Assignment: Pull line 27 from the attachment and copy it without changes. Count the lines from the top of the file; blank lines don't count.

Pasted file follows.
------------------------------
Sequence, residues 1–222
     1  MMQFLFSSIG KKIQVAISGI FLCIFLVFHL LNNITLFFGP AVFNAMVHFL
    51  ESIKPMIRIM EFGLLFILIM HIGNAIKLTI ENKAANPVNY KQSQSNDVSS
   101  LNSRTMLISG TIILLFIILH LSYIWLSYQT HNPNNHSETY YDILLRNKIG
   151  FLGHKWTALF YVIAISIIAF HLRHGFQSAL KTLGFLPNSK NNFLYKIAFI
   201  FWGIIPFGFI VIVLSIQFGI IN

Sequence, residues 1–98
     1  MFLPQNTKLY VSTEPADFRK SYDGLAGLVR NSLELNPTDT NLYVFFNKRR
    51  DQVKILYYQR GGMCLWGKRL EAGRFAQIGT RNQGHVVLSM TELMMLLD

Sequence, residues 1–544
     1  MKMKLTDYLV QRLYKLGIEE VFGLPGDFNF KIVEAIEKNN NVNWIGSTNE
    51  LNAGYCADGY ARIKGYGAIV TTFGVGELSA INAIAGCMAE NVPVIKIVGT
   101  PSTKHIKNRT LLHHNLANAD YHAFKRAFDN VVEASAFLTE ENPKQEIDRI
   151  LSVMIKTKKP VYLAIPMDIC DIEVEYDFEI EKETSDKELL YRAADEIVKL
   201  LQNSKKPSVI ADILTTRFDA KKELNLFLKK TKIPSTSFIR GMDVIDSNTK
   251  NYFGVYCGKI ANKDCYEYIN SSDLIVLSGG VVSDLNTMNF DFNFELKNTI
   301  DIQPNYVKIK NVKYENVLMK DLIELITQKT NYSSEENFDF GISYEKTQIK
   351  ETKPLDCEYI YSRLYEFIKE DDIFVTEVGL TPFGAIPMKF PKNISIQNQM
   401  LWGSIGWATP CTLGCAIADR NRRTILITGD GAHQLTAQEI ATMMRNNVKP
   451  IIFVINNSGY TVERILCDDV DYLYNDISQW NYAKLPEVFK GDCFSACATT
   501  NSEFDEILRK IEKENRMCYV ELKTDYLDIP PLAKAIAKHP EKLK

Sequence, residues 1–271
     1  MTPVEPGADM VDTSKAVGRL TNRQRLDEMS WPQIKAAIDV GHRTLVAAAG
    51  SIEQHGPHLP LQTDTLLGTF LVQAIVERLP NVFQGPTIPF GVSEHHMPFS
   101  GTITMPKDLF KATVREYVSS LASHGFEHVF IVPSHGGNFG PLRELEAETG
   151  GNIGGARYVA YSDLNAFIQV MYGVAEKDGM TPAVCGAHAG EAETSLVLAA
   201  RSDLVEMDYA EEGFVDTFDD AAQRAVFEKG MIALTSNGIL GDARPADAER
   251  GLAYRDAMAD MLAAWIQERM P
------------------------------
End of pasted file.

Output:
   201  RSDLVEMDYA EEGFVDTFDD AAQRAVFEKG MIALTSNGIL GDARPADAER